Garlic Mustard, An Undesirable Ingredient
It was a covert ground-assault by a small group of dedicated resisters, led by Thomas Unrau of the NCC, on an invader to the perhaps not so Happy Valley. I’d signed up to participate in a valiant effort to thwart the relentless advance of an intruder known to choke the life out of native populations, and arrived at our rendezvous point, resigned to the task. Identified by its common and cleverly disguised name, the Garlic Mustard, (Alliaria petiolata) may sound like a harmless enemy, but sadly, once it establishes a root-hold, it quickly displaces native flowers and ground vegetation.
Like many other invasive species, the Garlic Mustard was originally introduced to North America, all be it naively, by early European settlers to the U.S. As a wild edible, it is a nutritious green, high in vitamins A and C as well as several essential minerals.
However, as an unwanted guest, it spreads easily and releases a compound into the soil, that displaces and discourages root growth by other herbaceous plant species. Native flowers such as Trilliums, Trout-lilies and Jack-in-the-pulpits that have evolved to flourish in the rich soils found under the shaded canopy of mature hardwood forests, find it difficult to overcome the aggressive, colonizing onslaught of Garlic Mustard.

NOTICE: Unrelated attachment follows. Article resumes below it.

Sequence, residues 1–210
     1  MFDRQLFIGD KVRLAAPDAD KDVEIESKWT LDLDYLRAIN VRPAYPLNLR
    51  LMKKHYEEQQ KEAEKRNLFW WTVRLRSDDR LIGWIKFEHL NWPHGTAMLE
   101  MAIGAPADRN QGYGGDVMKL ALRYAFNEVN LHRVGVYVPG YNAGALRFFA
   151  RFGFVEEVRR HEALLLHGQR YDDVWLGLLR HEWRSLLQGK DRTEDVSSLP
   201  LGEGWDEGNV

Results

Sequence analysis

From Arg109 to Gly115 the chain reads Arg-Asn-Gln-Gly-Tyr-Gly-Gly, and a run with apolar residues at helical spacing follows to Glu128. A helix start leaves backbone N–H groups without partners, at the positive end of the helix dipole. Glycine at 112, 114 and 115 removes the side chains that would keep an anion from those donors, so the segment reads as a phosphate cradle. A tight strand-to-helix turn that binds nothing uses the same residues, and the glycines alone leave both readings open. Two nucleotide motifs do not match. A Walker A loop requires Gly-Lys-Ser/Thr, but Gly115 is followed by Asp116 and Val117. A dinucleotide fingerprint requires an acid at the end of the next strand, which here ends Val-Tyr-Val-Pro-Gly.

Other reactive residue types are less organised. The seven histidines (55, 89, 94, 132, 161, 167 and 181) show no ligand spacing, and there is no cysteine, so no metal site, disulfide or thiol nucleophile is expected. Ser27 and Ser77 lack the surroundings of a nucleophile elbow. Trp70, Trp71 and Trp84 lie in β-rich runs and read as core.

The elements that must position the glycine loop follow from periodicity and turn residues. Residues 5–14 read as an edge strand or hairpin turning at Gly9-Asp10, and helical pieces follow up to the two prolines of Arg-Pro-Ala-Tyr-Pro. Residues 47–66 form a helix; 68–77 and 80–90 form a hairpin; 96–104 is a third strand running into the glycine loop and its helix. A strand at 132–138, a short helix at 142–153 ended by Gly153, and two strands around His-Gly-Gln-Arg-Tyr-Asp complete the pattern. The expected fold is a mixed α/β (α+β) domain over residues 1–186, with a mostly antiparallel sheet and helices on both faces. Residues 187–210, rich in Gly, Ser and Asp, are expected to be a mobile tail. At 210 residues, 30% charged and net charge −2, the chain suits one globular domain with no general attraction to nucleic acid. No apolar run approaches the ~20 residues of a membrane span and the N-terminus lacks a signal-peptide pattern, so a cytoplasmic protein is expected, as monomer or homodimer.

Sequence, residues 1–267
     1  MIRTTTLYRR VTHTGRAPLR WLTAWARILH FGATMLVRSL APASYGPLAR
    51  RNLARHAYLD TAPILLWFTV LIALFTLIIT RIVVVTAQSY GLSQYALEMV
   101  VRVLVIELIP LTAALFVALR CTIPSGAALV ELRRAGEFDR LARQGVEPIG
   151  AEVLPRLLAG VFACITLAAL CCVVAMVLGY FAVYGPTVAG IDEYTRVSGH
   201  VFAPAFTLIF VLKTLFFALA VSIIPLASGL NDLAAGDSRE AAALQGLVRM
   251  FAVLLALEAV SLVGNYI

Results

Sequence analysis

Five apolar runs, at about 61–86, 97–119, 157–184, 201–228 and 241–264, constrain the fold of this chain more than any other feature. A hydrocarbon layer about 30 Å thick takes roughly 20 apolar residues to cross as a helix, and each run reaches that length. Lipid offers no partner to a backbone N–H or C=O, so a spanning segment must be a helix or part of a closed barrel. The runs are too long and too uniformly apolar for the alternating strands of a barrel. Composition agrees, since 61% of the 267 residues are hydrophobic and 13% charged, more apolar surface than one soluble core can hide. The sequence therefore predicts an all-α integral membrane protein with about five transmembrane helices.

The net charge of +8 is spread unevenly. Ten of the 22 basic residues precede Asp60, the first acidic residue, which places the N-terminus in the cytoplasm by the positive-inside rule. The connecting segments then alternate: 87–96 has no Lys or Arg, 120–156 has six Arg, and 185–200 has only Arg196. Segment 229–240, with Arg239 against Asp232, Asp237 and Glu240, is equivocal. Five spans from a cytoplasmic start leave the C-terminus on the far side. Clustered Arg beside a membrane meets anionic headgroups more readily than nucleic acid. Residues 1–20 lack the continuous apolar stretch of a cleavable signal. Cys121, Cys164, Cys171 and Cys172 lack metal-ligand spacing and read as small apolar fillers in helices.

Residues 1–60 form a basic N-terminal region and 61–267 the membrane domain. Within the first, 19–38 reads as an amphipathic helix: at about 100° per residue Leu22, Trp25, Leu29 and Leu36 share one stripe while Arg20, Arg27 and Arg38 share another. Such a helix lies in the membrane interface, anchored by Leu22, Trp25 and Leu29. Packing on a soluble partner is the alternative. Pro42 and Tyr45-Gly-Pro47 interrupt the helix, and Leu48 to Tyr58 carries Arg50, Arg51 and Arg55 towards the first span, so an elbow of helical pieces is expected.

Armed with nothing more than work gloves, garbage bags and a commitment to halt the advance of the invader on a few hundred square metres of the Happy Valley Forest, our team of enthusiastic, volunteer weekend-warriors headed deep into what has to be one of the most beautiful deciduous forests I’ve ever had the privilege of walking through. A true gem on the Oak Ridges Moraine within Ontario’s Greenbelt.
The Nature Conservancy of Canada, (NCC) who own several sections of land within the Happy Valley Forest, is a Not For Profit private land conservation organization, dedicated to protecting and rehabilitating significant natural areas, and the flora and fauna species they sustain. Since 1962, NCC and its partners have helped to protect more than 2.7 million acres (1.1 million hectares), from coast to coast to coast.
This may have been my first visit to the Happy Valley Forest, but it certainly won’t be my last. With camera in hand and tripod over my shoulder, I intend to return to spend time to recharge my soul, to photograph the awesome beauty and to do my part to protect and polish this priceless jewel.
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